The high drama that befell the freighter Maersk Alabama off the Somali coast in April 2009, in which pirates boarded the ship and took its captain hostage, has been given a highly-charged immediacy in a new thriller from the director of “The Bourne Supremacy” and “United 93.”}
Like those two thrillers -- one an international spy caper, the other a ripped-from-the-headlines docudrama about the 9/11 attacks -- the new Paul Greengrass film, “Captain Phillips,” uses fly-on-the-wall camerawork, quicksilver editing, and extraordinary attention to detail to make the events of the ship’s hijacking gripping and utterly believable.
But “Captain Phillips,” which premiered Friday at the New York Film Festival (and which opens nationwide on October 11), would not work nearly as well as it does were it not for the strong characters at its center: Captain Richard Phillips (Tom Hanks), a veteran maritime sailor who is all business on board; and Muse (Barkhad Abdi), a desperate Somali fisherman who has turned to piracy.
The film is based on the book, “A Captain’s Duty: Somali Pirates, Navy SEALs, and Dangerous Days at Sea,” by Phillips and Stephen Talty. Though the timeline is condensed, the screenplay hews closely to true events and, more importantly, to the motives and behavior of real-life figures.
“We were always searching for that combination of procedure and behavior that was going to be not just reminiscent but very reflective of what really happened,” Hanks said at a film festival press conference. “And that’s tough when you’re telling ‘non-fiction entertainment.’ “
Much of the production was shot at sea, on board a sister ship of the Maersk Alabama, and on U.S. Navy vessels (including the USS Halyburton, which had served in the naval assault against the pirates during the 2009 standoff). The camerawork of cinematographer Barry Ackroyd (an Oscar nominee for “The Hurt Locker”) captures both the vast loneliness of the ocean, where the giant freighter is vulnerable to two tiny skiffs carrying armed men, and the increasingly cramped quarters in which Phillips finds himself -- leading to the lifeboat where he is held hostage by pirates trying to escape with their lives.
The film’s verisimilitude sets a vivid stage for the conflict between Phillips and Muse, as the two engage first in a daunting pursuit, then in Phillips’ cat-and-mouse effort to protect his hiding crew members. The greed of the pirates (and the narcotic khat leaves they chew) spurs them on to take greater chances, forcing Phillips and his crew to try to use their knowledge of the ship’s layout to their advantage.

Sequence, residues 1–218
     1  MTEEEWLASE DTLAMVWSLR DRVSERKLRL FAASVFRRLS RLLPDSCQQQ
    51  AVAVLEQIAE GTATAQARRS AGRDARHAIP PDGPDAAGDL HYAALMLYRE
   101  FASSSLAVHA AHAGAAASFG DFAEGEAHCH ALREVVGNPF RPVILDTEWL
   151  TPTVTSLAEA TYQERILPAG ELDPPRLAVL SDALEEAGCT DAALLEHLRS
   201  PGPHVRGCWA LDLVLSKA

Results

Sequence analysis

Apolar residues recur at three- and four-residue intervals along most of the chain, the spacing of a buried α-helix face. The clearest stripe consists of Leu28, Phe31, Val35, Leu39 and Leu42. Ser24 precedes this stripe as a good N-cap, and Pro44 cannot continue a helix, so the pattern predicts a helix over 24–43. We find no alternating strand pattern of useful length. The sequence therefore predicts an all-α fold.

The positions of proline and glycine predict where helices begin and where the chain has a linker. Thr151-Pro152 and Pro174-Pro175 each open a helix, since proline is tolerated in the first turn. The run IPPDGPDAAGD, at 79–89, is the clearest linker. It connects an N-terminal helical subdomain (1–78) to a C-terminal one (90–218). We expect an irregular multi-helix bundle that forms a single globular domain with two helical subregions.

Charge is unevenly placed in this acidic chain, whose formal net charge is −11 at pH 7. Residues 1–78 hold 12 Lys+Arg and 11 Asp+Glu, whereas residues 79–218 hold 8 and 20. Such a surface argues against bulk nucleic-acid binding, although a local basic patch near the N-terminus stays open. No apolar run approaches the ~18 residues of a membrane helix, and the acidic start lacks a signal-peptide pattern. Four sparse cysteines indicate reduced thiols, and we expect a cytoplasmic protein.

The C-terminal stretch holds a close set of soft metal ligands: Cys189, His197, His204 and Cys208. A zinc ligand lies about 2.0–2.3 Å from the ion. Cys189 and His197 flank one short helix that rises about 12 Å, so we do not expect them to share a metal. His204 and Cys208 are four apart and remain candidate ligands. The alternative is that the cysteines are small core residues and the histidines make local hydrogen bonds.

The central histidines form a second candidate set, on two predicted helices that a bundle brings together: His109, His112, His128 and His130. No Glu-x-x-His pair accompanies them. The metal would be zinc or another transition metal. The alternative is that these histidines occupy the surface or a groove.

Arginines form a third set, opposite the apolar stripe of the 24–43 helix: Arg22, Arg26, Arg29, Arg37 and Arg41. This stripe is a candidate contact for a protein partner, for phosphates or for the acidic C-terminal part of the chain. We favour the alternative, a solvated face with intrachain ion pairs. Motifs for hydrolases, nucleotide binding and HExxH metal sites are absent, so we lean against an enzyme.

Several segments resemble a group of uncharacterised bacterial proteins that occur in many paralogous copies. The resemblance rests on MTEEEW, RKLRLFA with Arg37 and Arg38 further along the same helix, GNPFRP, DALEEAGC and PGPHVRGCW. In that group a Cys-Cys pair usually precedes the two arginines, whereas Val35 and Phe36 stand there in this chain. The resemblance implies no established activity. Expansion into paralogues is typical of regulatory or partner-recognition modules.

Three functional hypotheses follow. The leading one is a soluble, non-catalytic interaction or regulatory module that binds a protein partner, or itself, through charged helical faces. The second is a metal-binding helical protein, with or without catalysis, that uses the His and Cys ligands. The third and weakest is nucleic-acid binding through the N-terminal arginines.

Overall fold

How far the pirates are willing to go is unknown; the skinny Muse does not want anyone to think him a coward (he’ll attack those who suggest it), and the promise of a big ransom for an American freighter is too tempting a gold ring to reach for, even with U.S. Navy warships in the vicinity.
But the drama is centered on Phillips, who uses clever bits of subterfuge to try to outmaneuver the pirates, or to try to set them at odds with each other, while also trying not to succumb to his own fear that he won’t make it out alive.
One particularly cathartic scene with Hanks should seal an Academy Award nomination for the actor, who has won two Oscars previously (for “Philadelphia” and “Forrest Gump”). The scene of wrenching emotion is all the more fascinating for it having been unscripted and improvised, incorporating Navy personnel who had no idea they’d be “acting” opposite one of today’s top stars.
“It’s a moment like I never had making films,” Hanks said of the unplanned infirmary scene. “Just the freedom to give it a shot was so liberating.”
“Acting is truth-telling, trying to find the truth in a human situation,” said Greengrass, who stated that Hanks’ performance -- a flood of emotion stemming from the character’s shock and confusion -- captured “a shocking sense of humanity.”
Indeed, the only false note in “Captain Phillips,” is, ironically, its music score, which sounds heavily indebted to the films of Christopher Nolan. Hearing music during a climactic scene that sounds eerily similar to the climactic scene of “Inception” merely serves as an example of filmmakers’ frequent over-reliance on music in dramatic situations. “Captain Phillips” really needs no such help in conveying its drama to its audience.
Released by Columbia Pictures, “Captain Phillips” is rated PG-13, for violence, sustained intensity, and substance use.
For more info:
- “Captain Phillips” (Official website)
- 51st New York Film Festival
- CBSNews.com’s complete movie coverage
To watch the trailer for “Captain Phillips” click on the video player below.
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